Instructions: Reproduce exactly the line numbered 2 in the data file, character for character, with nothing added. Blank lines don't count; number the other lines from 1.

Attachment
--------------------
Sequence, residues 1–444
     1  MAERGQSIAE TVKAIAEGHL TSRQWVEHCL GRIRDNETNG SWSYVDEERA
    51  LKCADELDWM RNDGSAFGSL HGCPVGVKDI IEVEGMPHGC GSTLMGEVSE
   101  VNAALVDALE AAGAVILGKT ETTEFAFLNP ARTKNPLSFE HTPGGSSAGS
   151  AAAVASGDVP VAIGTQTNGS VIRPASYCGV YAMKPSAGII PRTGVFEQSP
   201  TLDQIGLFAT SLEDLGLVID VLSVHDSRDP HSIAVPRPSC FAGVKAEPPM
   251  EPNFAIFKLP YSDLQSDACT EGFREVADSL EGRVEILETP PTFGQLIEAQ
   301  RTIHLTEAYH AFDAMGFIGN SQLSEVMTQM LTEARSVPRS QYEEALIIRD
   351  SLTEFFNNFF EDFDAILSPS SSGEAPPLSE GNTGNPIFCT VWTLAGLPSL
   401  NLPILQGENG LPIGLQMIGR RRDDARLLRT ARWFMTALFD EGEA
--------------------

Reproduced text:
     1  MAERGQSIAE TVKAIAEGHL TSRQWVEHCL GRIRDNETNG SWSYVDEERA